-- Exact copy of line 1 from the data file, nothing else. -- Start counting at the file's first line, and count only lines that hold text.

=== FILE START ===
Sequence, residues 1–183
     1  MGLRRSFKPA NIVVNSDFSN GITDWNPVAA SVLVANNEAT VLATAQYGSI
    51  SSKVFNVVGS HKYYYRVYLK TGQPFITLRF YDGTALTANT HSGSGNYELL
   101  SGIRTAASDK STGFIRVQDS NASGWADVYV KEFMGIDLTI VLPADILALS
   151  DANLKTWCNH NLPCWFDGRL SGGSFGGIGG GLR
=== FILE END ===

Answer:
Sequence, residues 1–183